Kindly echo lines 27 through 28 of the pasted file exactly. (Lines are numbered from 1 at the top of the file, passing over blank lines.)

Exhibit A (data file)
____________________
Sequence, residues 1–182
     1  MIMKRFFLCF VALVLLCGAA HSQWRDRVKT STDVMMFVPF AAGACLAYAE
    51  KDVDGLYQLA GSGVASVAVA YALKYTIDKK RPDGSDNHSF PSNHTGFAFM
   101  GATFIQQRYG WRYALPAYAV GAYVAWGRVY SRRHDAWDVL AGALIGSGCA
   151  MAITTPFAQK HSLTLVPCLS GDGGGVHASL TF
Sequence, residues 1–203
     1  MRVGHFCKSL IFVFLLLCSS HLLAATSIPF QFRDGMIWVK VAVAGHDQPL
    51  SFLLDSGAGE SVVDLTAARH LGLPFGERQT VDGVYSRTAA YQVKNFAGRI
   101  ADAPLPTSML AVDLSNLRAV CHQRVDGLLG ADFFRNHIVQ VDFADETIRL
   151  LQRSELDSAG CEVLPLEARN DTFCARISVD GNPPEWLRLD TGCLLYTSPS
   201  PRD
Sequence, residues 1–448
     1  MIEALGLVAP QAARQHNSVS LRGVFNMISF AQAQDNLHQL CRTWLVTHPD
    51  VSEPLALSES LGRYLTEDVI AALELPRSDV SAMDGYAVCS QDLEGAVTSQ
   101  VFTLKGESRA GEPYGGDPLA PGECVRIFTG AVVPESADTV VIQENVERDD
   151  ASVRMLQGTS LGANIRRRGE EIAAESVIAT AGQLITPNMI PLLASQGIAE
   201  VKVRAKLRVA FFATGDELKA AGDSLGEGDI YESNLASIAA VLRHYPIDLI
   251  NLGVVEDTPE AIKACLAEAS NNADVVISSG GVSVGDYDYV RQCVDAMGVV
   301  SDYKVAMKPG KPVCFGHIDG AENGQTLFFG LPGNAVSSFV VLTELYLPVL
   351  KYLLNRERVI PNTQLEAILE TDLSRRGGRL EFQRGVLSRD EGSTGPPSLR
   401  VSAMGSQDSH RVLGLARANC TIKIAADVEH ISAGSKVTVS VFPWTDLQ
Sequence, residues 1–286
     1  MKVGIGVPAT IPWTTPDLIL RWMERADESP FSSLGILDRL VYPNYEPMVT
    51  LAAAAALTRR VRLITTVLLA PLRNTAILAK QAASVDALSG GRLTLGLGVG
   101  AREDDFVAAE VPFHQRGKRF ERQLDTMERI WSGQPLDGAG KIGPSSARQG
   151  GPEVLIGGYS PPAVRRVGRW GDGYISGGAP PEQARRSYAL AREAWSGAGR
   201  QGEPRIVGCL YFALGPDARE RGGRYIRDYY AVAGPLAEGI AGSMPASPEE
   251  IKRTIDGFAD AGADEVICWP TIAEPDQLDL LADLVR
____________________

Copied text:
   201  QGEPRIVGCL YFALGPDARE RGGRYIRDYY AVAGPLAEGI AGSMPASPEE
   251  IKRTIDGFAD AGADEVICWP TIAEPDQLDL LADLVR